Supreme Court Justice Clarence Thomas recently hinted that Section 230, “the twenty-six words that created the internet” could be up for some changes if he has anything to say about it. Section 230, in simple terms, grants immunity from civil liability for third-party content hosted on “interactive computer services.” In practice, it basically means that a website cannot be held liable for what other people put on its platform. This interpretation has led to sweeping immunity for today’s tech platforms, something that Thomas has spoken out against.
As relevant here, this expansive understanding of publisher immunity requires dismissal of claims against internet companies for failing to warn consumers of product defects or failing to take reasonable steps “to protect their users from the malicious or objectionable activity of other users.” The Texas Supreme Court acknowledged that it is “plausible” to read 230 more narrowly to immunize internet platforms when plaintiffs seek to hold them “strictly liable” for transmitting third-party content, id., at 90–91, but the court ultimately felt compelled to adopt the consensus approach…We should, however, address the proper scope of immunity under 230 in an appropriate case.
This is not the first time that Thomas as argued against the current interpretation of section 230. He has repeatedly asserted that the that expansive interpretations of Section 230 from 1996 onward may clash with the original text. He contends that arguments favoring this broad immunity “rest largely on ‘policy and purpose'” instead of the statute’s plain text. In October of 2020, during the case of Malwarebytes, Inc. v. Enigma Software, he challenged previous decisions by the courts, writing that their interpretations have “long emphasized nontextual arguments,” leaving “questionable precedent” in their wake.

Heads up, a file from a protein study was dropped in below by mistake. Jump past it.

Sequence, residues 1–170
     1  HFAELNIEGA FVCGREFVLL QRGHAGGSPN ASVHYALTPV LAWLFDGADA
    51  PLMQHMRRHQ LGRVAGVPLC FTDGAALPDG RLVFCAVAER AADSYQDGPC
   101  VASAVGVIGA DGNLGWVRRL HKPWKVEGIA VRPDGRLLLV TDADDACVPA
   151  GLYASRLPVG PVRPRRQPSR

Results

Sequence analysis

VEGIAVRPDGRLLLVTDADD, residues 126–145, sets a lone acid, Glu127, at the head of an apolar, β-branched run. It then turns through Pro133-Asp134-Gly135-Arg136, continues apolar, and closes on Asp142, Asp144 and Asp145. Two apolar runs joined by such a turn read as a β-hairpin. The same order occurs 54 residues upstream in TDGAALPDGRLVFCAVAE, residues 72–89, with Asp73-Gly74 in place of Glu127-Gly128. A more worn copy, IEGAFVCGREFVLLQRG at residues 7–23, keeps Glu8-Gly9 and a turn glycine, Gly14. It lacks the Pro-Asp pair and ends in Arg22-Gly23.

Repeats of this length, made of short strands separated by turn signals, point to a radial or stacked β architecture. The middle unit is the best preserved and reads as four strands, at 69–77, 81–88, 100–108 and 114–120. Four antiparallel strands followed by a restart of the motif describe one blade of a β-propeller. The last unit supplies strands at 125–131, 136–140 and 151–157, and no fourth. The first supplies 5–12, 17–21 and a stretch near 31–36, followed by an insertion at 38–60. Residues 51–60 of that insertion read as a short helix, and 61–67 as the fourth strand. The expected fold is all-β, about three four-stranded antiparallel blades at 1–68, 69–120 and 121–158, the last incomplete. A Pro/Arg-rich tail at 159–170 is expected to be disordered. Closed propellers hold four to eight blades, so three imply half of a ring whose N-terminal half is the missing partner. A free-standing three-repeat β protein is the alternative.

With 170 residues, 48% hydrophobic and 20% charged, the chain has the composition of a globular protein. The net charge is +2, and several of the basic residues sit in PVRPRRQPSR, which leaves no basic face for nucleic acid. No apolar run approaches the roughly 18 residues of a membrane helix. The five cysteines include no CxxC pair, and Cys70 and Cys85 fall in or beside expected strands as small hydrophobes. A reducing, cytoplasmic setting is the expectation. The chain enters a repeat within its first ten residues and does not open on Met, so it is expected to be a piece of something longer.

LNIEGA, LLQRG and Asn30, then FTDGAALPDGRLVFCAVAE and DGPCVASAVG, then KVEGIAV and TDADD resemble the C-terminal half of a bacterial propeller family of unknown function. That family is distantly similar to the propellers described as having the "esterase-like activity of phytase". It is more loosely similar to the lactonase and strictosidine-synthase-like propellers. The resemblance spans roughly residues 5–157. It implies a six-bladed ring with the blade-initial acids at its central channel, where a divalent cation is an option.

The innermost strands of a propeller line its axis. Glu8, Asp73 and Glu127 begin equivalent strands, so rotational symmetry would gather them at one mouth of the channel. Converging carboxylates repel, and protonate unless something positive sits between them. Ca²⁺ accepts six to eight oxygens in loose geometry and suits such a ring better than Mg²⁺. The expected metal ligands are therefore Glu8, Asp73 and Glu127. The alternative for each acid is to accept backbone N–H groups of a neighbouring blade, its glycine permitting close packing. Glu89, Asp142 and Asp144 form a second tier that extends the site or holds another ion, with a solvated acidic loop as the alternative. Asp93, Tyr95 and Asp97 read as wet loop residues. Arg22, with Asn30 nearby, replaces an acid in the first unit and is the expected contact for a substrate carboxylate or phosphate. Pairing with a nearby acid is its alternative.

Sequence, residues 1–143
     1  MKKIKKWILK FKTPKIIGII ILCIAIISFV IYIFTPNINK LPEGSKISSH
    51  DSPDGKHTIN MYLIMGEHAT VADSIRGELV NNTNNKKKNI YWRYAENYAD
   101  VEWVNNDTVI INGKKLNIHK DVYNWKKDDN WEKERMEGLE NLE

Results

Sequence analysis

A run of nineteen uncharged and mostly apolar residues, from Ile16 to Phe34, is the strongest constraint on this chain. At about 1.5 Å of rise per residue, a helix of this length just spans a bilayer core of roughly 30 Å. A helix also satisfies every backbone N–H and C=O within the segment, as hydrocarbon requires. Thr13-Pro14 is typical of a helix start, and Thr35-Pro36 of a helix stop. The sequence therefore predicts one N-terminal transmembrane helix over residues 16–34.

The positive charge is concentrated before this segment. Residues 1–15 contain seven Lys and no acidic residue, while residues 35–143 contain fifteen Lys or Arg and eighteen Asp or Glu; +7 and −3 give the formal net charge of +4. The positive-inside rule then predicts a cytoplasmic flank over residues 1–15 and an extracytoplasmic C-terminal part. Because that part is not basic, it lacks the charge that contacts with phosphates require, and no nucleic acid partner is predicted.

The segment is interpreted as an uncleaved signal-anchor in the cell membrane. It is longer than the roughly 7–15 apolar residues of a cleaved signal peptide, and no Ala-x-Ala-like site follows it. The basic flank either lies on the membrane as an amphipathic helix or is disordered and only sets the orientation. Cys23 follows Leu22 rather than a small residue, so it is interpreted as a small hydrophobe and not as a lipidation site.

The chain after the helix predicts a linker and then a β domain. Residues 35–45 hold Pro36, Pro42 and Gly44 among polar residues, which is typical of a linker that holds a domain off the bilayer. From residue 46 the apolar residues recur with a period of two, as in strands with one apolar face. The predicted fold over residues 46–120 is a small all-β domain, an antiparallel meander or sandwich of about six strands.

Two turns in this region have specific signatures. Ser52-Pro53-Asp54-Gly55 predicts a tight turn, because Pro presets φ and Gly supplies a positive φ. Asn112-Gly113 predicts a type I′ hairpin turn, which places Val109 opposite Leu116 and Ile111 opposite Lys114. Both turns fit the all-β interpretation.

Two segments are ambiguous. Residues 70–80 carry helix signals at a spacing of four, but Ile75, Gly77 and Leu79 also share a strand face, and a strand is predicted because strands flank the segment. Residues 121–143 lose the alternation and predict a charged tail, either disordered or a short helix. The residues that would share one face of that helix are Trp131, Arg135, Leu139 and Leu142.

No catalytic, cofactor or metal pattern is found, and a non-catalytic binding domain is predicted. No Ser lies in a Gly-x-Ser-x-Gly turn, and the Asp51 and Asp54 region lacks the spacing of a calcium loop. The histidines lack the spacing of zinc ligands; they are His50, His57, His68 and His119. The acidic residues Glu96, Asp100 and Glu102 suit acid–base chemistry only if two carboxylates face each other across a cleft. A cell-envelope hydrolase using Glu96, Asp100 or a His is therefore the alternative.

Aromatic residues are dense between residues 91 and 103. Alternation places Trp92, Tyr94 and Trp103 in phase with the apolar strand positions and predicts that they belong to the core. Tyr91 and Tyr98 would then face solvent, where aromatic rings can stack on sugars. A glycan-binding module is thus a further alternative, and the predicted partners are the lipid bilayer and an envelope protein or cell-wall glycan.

Many republicans have long sought to see section 230 reigned in, as a way to punish social media companies for what they feel as being “unjustly censored” on these platforms. Twitter’s suspension of President Trump saw many call for a review of the kinds of immunities these tech companies are given. To Thomas, Twitter’s ban of Trump exposed the potential abuses of this legal protection, noting how “applying old doctrines to new digital platforms is rarely straightforward.”
Thomas went on:
“As Twitter made clear, the right to cut off speech lies most powerfully in the hands of private digital platforms. The extent to which that power matters for purposes of the First Amendment and the extent to which that power could lawfully be modified raise interesting and important questions,”
Even Harvard Law School’s Evelyn Douek argued that Twitter’s booting of Trump may just be the action that leads to a stripping of social media platforms’ legal protections.
Only time will tell if Thomas will get his wish and the Supreme court will be able to take a look at possibly reforming section 230 with a new, and updated, interpretation.
The opinions expressed in this article are those of the author and do not necessarily reflect the positions of American Liberty News.